By: Geoffrey S. Pope Published: October 2020

Preventing Workplace Violence: An Essential Element of Your Safety Program

Even before the pandemic, there had been a continuing uptick in workplace violence.  NIOSH defines workplace violence as “physical assault, threatening behavior or verbal abuse occurring in the workplace setting.”  Others define it more broadly, to include harassment, profanity, intimidation, and even the transmission of hostile text  messages, as well as offsite incidents arising from on-the-job situations.

In recent years, homicides have accounted for roughly 9 percent of U.S. workplace fatalities.  On construction sites, in addition to violent interactions between coworkers (or between workers and supervisors) such acts may also involve bystanders, clients, visitors to the site, persons engaging in theft of equipment or materials or other crimes at the site, and family members and partners (or former partners) of employees.  Now, because of the pandemic, we are seeing increases in job losses, financial stresses, crimes against persons and property, substance abuse, depression, marital breakdowns, suicides, and physical ailments, all of which presage likely increases in workplace violence.  While no one knows when, or if, the worst effects of the pandemic might recede, few expect a full economic and social recovery in the near term.  Even if coronavirus deaths and hospitalizations continue to decrease, the economic and psychological ill effects of what we have been experiencing may prove to be long-lasting.

Factors contributing to workplace violence in construction that pre-dated the pandemic included the openness of many jobsites, the value of equipment, materials (and, often, cash) kept onsite, frequent interactions between construction employees and “civilians,” and the high turnover of personnel.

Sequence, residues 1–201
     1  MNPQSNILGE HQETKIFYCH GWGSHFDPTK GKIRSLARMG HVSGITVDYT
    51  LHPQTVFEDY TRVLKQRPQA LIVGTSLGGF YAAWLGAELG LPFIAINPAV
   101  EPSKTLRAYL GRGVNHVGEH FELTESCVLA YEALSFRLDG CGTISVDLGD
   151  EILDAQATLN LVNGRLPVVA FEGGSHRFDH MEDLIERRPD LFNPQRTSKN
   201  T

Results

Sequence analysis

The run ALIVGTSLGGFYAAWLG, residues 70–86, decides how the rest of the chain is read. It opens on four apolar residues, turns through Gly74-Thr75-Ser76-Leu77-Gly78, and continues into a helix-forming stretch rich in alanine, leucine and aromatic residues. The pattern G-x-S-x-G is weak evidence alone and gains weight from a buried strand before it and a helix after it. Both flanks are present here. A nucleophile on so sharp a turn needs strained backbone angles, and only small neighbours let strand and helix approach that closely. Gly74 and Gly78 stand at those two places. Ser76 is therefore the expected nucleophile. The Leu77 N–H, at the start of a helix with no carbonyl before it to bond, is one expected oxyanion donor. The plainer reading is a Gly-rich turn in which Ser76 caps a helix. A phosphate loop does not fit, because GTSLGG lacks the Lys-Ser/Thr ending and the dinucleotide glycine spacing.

Perhaps because OSHA lacks specific construction standards addressing workplace violence, the subject is often treated sketchily, or not at all, in companies’ safety planning and training.

The OSH Act’s General Duty Clause subjects employers to being cited for failure to provide a workplace free from known hazards, of kinds recognized in the industry.  Workplace violence is such a hazard, and if you fail to address it in your safety program, you risk not only potential OSHA citations under the General Duty clause, but possible liability in  a lawsuit, if someone is injured or killed in an occurrence on your jobsite (or arising from a workplace situation).

While space does not allow any attempt to spell out here a full “violence prevention” module for your safety program, I can offer some general ideas to incorporate in your approach to the subject.

First, perhaps, is that the existence and the severity of the risk must be confronted squarely.  The unacceptability not only of overt assault, but abusive conduct, must be made known to all.  Your employees, therefore, should be instructed to report all incidents (including verbal abuse or harassment).

It is important that supervisors be forbidden to look the other way.  Even relatively minor altercations, or instances of verbal abuse (as well as all reported incidents or threats) should become the subject of a conversation between supervisory personnel and each person involved, and appropriate disciplinary action taken.  The foregoing must be documented, and kept on file.